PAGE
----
“Our librarians and other related school staff members work diligently to choose books that are age appropriate and of interest to our students,” Roberts said. “With the time spent on social media by our young people, we hope to provide engaging and relevant reading material to engage them. Sen. Walker has reviewed this language in depth and I believe sees it as something that doesn’t really change what may happen with a charge of distributing material harmful to minors based on the interpretation of pornographic and obscene. Realizing that these two terms are often debated, I hope that any changes to Title 35 cannot be used as a weapon against the efforts of our staff members to fully educate our students.”
The bill comes amid a national wave of Republican-backed legislation seeking to ban books that feature LGBTQ+ subject matter.
Attempted book bans and restrictions on libraries have surged, setting a record in 2022, according to a report released last month by the American Library Association.
More than 1,200 challenges were compiled by the association in 2022, nearly double the then-record total from 2021 and by far the most since the ALA began keeping data 20 years ago.
The report not only documents the growing number of challenges, but also their changing nature, according to wire reports. A few years ago, complaints usually arose with parents and other community members and referred to an individual book. Now, the requests are often for multiple removals, and organized by national groups such as the conservative Moms for Liberty, which has a mission of “unifying, educating and empowering parents to defend their parental rights at all levels of government.”
Last year, more than 2,500 different books were objected to, compared to 1,858 in 2021 and just 566 in 2019.
The ALA bases its findings on media accounts and voluntary reporting from libraries and acknowledges that the numbers might be far higher.
Last year, a group of people from Blessed Life Fellowship, a church in Columbus, attempted to get several books on LGBTQ+ content and sex education material removed from the Bartholomew County Public Library or reshelved in what the church’s leader described as an “age-appropriate section.”
The books included “This Book is Gay” by Juno Dawson, the anthology “Be Gay, Do Comics,” “100 Questions You’d Never Ask Your Parents” by Elisabeth Henderson and Dr. Nancy Armstrong, “Ready for It” by Chusita Fashion Fever, “Doing It” by Hannah Witton and Maia Kobabe’s bestselling memoir “Gender Queer” about sexual identity.
The requests claim that “Gender Queer” is “pornography,” “brainwashing our children,” will “make kids confused about who they are” and that children don’t have the mental capacity to “understand” LBGTQ content, as the “frontal loab (sic) does not develop until twenties.” “Freedom of speech is for adults. Protect Children,” another request to remove the memoir states.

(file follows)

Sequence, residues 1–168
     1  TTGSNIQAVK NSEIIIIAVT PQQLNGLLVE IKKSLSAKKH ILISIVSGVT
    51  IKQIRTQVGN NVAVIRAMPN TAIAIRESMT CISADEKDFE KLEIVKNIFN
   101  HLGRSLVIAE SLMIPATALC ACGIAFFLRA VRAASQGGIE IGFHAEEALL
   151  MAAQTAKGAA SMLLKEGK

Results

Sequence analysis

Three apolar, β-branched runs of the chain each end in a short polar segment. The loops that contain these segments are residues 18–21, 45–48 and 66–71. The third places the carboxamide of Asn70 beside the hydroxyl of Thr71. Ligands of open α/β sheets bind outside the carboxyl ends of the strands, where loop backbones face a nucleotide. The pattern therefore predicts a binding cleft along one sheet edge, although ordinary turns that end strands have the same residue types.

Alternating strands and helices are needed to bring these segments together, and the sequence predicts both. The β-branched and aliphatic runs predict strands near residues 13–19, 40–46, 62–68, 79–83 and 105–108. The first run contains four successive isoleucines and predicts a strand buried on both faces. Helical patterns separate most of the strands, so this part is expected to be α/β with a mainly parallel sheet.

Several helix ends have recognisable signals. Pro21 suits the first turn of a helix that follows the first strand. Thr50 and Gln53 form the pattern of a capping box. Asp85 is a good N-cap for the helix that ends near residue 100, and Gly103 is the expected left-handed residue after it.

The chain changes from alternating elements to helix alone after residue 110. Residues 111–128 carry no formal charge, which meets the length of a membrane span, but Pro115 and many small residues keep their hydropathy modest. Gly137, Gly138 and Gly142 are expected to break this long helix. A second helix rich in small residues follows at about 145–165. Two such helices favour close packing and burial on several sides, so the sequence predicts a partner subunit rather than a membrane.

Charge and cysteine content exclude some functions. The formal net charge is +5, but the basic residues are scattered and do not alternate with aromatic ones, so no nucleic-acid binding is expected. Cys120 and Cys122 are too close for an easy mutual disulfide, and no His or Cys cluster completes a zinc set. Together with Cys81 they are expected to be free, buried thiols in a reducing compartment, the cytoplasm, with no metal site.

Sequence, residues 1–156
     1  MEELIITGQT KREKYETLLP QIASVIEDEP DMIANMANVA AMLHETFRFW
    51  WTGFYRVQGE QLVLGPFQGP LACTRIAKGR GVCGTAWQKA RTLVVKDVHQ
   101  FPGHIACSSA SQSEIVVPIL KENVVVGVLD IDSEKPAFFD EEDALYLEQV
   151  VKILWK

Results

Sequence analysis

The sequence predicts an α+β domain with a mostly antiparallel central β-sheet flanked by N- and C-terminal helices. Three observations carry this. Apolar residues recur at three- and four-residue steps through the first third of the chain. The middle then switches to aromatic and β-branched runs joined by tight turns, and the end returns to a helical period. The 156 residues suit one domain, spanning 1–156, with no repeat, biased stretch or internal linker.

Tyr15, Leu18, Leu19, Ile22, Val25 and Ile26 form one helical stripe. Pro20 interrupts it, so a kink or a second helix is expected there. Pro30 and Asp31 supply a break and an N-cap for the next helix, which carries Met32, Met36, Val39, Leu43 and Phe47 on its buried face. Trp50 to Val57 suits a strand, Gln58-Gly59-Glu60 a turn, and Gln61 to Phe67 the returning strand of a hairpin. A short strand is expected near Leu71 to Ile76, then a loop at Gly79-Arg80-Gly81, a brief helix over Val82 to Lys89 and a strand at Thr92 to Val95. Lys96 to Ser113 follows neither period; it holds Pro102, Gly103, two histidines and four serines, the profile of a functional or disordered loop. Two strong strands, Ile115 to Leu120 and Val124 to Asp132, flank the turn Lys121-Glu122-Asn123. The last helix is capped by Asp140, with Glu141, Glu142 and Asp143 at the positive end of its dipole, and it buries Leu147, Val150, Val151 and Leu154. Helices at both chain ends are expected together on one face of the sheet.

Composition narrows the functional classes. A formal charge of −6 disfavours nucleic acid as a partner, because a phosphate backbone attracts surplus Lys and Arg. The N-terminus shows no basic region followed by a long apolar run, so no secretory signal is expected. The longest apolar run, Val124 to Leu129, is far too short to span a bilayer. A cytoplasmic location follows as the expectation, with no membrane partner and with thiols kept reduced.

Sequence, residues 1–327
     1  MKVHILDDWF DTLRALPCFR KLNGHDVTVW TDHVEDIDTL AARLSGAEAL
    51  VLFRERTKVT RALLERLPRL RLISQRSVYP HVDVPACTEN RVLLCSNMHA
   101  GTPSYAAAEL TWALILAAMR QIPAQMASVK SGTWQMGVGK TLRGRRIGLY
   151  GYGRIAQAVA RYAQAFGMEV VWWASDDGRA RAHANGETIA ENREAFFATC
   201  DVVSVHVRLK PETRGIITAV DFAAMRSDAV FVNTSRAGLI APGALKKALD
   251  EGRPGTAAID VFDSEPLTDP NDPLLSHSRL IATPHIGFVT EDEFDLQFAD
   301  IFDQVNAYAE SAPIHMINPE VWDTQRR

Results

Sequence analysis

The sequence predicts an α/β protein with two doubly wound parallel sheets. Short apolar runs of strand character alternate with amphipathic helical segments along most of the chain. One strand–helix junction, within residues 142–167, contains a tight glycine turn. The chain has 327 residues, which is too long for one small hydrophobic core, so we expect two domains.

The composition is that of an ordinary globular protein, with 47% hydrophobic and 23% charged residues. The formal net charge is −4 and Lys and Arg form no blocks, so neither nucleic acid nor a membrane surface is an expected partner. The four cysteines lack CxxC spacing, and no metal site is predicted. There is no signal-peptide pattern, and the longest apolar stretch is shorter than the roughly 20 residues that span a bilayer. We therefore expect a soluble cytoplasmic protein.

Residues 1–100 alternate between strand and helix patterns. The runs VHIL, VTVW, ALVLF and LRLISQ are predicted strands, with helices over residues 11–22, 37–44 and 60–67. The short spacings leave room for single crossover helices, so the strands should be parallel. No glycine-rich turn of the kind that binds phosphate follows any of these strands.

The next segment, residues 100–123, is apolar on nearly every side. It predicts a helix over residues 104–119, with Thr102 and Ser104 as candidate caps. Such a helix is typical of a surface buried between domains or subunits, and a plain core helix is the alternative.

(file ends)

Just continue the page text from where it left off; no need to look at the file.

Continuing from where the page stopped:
Earlier this year, Eric Grow, a local parent and unsuccessful school board candidate, complied a catalog of books that he said were present in BCSC libraries that he thinks “may be problematic.” As of Feb. 10, the main list contained about 500 titles and includes “To Kill a Mockingbird” and graphic novel adaptations of Anne Frank’s diary and “Brave New World.”
Grow described the list as a project “aimed at improving the resources available in our public-school libraries.”
Grow repeatedly expressed concerns about inappropriate materials in school libraries during the time for public comment at school board meetings. He emphasized his point by reading aloud from a sexually explicit passage he attributed to “A Court of Silver Flames” during one meeting in the spring of 2022.
Waves of efforts to ban books have taken place periodically throughout much of U.S. history, with people often using protecting children as a “smokescreen for other larger issues,” Raymond Haberski, professor of history and director of American studies at IUPUI, who is part of the Center for the Study of Religion and American Studies, told The Republic this past October.
Currently, the LGBTQ community is “in the crosshairs of a particular segment of the Republican right, the far right,” he said.
“I think what is happening is that these books are kind of a stand-in for opposition to entire groups of Americans and how they live their lives,” Haberski said. “Banning these books or having them removed from libraries is simply another way to say that these groups oppose the way people are, their identities. Instead of coming out and being bigoted to people’s faces, they’re going after the books in libraries and saying that those books exist or if my children come across them, somehow, they’re going to be hurt by them, which basically means that they’re saying that children would be hurt by simply living in the same community with people who are not necessarily like them. To me, that is incredibly disturbing.”